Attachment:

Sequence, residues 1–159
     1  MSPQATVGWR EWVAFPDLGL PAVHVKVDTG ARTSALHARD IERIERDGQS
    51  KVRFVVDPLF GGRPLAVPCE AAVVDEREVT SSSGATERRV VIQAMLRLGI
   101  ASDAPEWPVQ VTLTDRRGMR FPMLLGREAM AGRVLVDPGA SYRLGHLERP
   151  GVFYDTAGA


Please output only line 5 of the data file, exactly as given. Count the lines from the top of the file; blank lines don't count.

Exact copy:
   151  GVFYDTAGA